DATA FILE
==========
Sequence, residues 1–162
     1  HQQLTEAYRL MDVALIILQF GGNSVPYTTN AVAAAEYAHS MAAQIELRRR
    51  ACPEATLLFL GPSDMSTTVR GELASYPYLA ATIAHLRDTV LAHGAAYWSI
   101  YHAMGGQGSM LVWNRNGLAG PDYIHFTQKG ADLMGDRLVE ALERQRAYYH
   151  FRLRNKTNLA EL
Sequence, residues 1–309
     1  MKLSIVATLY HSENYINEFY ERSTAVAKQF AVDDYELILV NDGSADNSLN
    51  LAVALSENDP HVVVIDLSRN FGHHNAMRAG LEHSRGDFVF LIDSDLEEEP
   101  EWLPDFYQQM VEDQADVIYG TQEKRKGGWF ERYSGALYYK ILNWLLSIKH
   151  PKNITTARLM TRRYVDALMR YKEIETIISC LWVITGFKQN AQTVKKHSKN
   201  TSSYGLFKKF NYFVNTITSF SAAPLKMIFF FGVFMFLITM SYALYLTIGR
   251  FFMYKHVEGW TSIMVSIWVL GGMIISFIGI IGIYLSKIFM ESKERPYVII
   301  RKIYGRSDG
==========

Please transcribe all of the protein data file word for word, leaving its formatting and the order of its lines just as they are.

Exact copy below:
Sequence, residues 1–162
     1  HQQLTEAYRL MDVALIILQF GGNSVPYTTN AVAAAEYAHS MAAQIELRRR
    51  ACPEATLLFL GPSDMSTTVR GELASYPYLA ATIAHLRDTV LAHGAAYWSI
   101  YHAMGGQGSM LVWNRNGLAG PDYIHFTQKG ADLMGDRLVE ALERQRAYYH
   151  FRLRNKTNLA EL
Sequence, residues 1–309
     1  MKLSIVATLY HSENYINEFY ERSTAVAKQF AVDDYELILV NDGSADNSLN
    51  LAVALSENDP HVVVIDLSRN FGHHNAMRAG LEHSRGDFVF LIDSDLEEEP
   101  EWLPDFYQQM VEDQADVIYG TQEKRKGGWF ERYSGALYYK ILNWLLSIKH
   151  PKNITTARLM TRRYVDALMR YKEIETIISC LWVITGFKQN AQTVKKHSKN
   201  TSSYGLFKKF NYFVNTITSF SAAPLKMIFF FGVFMFLITM SYALYLTIGR
   251  FFMYKHVEGW TSIMVSIWVL GGMIISFIGI IGIYLSKIFM ESKERPYVII
   301  RKIYGRSDG